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Iago stands supreme among Shakespeare's evil characters because the greatest intensity and subtlety of imagination have gone to his making, and because he illustrates in the most perfect combination the two facts concerning evil which seem to have impressed Shakespeare most. The first of these is the fact that perfectly sane people exist in whom fellow-feeling of any kind is so weak that an almost absolute egoism becomes possible to them, and with it those hard vices--such as ingratitude and cruelty--which to Shakespeare were far the worst. The second is that such evil is compatible, and even appears to ally itself easily, with exceptional powers of will and intellect. In the latter respect Iago is nearly or quite the equal of Richard, in egoism he is the superior, and his inferiority in passion and massive force only makes him more repulsive. How is it then that we can bear to contemplate him; nay, that, if we really imagine him, we feel admiration and some kind of sympathy? Henry the Fifth tells us:
There is some soul of goodness in things evil, Would men observingly distil it out;
but here, it may be said, we are shown a thing absolutely evil, and--what is more dreadful still--this absolute evil is united with supreme intellectual power. Why is the representation tolerable, and why do we not accuse its author either of untruth or of a desperate pessimism?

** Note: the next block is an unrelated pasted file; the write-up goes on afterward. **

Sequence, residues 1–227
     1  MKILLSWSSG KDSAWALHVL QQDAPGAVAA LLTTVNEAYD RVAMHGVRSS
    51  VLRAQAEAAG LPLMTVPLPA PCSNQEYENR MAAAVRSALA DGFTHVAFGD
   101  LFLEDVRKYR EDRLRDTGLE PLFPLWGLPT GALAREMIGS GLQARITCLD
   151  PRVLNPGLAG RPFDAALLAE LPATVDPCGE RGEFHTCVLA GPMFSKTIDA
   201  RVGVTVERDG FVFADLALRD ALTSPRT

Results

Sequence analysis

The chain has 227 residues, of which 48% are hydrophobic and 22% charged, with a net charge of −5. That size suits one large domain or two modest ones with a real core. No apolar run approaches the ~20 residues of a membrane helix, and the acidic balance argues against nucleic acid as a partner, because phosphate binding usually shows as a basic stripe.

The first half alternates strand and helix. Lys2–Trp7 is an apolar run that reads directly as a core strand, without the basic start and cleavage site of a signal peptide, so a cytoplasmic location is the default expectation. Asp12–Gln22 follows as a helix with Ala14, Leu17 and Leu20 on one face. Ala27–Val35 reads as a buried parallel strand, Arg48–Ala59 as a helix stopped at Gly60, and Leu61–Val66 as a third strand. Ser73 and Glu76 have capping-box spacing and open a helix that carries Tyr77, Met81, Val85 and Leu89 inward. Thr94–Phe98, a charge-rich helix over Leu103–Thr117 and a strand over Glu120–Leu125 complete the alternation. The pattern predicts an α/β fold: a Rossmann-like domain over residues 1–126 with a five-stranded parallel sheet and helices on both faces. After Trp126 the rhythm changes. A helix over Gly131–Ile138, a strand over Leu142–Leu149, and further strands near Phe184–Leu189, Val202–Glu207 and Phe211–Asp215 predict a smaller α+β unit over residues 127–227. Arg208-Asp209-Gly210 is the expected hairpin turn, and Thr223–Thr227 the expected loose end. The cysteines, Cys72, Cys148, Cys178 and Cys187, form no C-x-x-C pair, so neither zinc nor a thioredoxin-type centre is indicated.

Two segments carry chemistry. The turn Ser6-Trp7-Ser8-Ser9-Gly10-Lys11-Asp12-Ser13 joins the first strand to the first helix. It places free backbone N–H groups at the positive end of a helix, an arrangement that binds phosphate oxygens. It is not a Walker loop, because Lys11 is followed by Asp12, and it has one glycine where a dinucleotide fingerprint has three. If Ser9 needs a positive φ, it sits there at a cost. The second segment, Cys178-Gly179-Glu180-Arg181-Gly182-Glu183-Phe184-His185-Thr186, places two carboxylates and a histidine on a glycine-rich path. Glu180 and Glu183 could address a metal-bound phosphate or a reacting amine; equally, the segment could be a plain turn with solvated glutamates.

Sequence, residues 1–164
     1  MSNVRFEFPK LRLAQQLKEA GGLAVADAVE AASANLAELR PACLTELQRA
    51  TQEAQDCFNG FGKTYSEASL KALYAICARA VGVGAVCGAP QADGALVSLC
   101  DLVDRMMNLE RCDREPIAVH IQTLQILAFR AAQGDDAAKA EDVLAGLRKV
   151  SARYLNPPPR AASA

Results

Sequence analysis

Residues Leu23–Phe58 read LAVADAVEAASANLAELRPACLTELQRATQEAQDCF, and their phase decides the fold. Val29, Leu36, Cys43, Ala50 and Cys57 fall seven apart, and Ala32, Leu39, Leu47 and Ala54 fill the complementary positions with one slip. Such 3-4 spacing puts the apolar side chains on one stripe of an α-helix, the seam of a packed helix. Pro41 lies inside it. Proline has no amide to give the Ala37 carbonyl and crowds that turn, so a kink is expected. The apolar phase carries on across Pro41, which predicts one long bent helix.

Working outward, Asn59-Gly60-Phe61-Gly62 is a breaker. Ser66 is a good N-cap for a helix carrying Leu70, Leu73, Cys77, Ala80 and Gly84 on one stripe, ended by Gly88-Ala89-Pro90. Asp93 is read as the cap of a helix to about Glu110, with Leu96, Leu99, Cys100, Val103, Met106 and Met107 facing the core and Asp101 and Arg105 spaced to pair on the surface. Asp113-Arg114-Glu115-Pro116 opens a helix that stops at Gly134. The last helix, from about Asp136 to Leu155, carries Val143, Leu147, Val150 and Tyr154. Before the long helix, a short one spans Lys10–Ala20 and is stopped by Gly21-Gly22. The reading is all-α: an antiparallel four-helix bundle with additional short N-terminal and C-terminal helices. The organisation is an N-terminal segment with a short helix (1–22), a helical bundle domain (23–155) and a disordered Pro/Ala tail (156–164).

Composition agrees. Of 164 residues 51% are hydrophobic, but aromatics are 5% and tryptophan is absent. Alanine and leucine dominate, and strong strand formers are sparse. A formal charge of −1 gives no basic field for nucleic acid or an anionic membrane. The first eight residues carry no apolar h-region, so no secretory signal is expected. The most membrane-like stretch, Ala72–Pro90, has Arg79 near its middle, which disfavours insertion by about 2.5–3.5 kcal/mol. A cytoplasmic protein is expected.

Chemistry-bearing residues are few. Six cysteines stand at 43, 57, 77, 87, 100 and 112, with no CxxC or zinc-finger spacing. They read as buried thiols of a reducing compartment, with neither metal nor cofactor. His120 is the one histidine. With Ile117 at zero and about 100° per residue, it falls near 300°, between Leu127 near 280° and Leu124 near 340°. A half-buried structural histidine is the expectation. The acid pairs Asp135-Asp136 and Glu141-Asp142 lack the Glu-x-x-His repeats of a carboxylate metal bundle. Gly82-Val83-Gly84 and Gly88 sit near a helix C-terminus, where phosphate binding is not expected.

To these questions it might at once be replied: Iago does not stand alone; he is a factor in a whole; and we perceive him there and not in isolation, acted upon as well as acting, destroyed as well as destroying. But, although this is true and important, I pass it by and, continuing to regard him by himself, I would make three remarks in answer to the questions.
In the first place, Iago is not merely negative or evil--far from it. Those very forces that moved him and made his fate--sense of power, delight in performing a difficult and dangerous action, delight in the exercise of artistic skill--are not at all evil things. We sympathise with one or other of them almost every day of our lives. And, accordingly, though in Iago they are combined with something detestable and so contribute to evil, our perception of them is accompanied with sympathy. In the same way, Iago's insight, dexterity, quickness, address, and the like, are in themselves admirable things; the perfect man would possess them. And certainly he would possess also Iago's courage and self-control, and, like Iago, would stand above the impulses of mere feeling, lord of his inner world. All this goes to evil ends in Iago, but in itself it has a great worth; and, although in reading, of course, we do not sift it out and regard it separately, it inevitably affects us and mingles admiration with our hatred or horror.